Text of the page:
The Night Before You Grill:
Combine the brine, water and ice in the 5-gallon bucket. Place the thawed turkey breast side down in brine. If necessary, weigh down the bird to ensure it is fully immersed, cover, and refrigerate or set in cool area for 8 to 16 hours, turning the bird once half way through brining.
Remove the bird from the brine and rinse thoroughly both inside and out. ePat dry
Step Three – Getting the Turkey Ready for the Grill (Courtesy of Alton Brown)
Alton Brown swears by stuffing your turkey with aromatics when you plan on grilling it. A grilled turkey should never be stuffed with bread dressing – you risk bacterial growth. So I included Alton Brown’s favorite aromatic for your use.
For the aromatics:
1 red apple, sliced
1/2 onion, sliced
1 cinnamon stick
1 cup water
4 sprigs rosemary
6 leaves sage
Combine the apple, onion, cinnamon stick, and 1 cup of water in a microwave safe dish and microwave on high for 5 minutes. Add the steeped aromatics to the turkey’s cavity along with the rosemary and sage. Tuck the wings underneath the bird and coat the skin liberally with canola oil.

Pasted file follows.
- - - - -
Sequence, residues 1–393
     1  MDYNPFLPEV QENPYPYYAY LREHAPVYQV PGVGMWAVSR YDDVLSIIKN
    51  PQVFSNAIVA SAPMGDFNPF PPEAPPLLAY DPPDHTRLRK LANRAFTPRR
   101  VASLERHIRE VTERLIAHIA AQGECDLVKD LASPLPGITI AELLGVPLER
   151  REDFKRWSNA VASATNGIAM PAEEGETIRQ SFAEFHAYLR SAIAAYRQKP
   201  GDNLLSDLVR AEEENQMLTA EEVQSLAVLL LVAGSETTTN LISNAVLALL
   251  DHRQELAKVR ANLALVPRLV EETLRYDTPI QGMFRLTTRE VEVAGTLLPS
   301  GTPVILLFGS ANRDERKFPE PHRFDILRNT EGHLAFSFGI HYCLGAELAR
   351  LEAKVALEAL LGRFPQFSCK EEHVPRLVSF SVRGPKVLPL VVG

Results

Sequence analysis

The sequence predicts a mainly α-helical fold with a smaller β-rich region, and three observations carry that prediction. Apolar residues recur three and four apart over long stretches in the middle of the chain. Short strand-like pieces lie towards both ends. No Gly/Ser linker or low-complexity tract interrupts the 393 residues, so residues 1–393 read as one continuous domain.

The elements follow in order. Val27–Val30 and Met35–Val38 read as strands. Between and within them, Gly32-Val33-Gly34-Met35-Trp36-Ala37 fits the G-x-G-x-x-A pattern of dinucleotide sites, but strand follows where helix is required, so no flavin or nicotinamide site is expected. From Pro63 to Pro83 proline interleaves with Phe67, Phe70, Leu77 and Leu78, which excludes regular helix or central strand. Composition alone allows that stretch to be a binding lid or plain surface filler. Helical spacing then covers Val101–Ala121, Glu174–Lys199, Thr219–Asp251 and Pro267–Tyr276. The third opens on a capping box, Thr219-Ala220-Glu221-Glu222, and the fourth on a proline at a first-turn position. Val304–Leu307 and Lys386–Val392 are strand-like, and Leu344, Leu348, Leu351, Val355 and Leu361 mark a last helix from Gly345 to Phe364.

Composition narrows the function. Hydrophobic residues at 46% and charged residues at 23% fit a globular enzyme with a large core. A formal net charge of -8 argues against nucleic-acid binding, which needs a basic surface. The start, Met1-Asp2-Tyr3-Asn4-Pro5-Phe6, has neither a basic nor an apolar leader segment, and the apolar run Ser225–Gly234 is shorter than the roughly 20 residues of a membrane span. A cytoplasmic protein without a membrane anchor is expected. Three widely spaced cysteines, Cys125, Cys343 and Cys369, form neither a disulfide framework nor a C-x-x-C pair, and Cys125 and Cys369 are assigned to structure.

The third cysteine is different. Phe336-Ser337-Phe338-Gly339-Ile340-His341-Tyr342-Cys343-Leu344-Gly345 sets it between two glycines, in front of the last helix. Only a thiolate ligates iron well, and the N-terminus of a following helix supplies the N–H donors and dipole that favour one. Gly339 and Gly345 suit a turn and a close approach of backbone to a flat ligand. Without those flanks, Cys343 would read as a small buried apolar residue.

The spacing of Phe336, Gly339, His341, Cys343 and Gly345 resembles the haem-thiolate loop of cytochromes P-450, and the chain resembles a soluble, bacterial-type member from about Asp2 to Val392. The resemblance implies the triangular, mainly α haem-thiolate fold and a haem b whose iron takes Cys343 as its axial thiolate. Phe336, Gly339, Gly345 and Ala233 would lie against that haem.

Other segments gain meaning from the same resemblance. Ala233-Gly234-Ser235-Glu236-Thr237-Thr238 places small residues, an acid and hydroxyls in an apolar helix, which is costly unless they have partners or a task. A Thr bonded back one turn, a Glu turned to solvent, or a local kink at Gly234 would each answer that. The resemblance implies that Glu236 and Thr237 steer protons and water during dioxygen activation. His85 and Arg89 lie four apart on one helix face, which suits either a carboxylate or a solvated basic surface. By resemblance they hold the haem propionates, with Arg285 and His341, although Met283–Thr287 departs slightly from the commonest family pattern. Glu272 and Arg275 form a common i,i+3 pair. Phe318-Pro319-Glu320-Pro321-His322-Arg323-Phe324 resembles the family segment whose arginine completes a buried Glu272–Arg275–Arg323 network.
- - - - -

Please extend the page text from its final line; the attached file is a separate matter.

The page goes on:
Place the turkey breast side down into the V-shaped rack, place the rack into a shallow pan and place it in the gas barbeque grill.
Step Four – Maintaining an Even Temperature
Allow your turkey to cook for one hour without opening the cover. After an hour, raise the lid and quickly check the temperature. Adjust your burners as needed to maintain a temperature between 300-350 degrees F.
Step Five – Turn and Baste the Bird as Needed
Ingredients for the Perfect Turkey Mop:
1 cup butter
2 Tablespoons lemon juice
2 teaspoons poultry seasoning
2 teaspoons sweet basil
2 teaspoons thyme
1 teaspoon sage
Each time you open the grill, baste the turkey liberally with this Mop. You won’t need to worry about starting a flash fire in your grill since the V-shaped turkey rack is inside a shallow pan to catch the drippings. Run off from the Mop will only improve the flavor of the gravy.
Step Six – Testing for Doneness
The tried and true standard for testing a turkey for doneness is to wiggle the thigh. If it moves around freely, the turkey is done. This works just as well when you grill a turkey- but the alternate test of internal temperature is always a smart thing to do.
Plunge your meat thermometer into the breast – but do not touch bone. Your turkey is ready to remove from the grill when the internal temperature has reached 155 degrees.
Step Seven – Remove the Turkey and Let it Rest 20-30 Minutes
Everyone is so impatient on Thanksgiving. When’s the bird going to be done? When’s the bird going to be done? To produce that wildly juicy turkey this last step simply cannot be rushed. Your turkey must rest at least 20 minutes (30 is better) in order for the juices to redistribute themselves throughout the meat.
Slicing into a turkey without completing this step will produce an instant rush of juices onto the plate – and a less than succulent meal.
Enjoy your Thanksgiving Turkey and Happy Grilling to You All…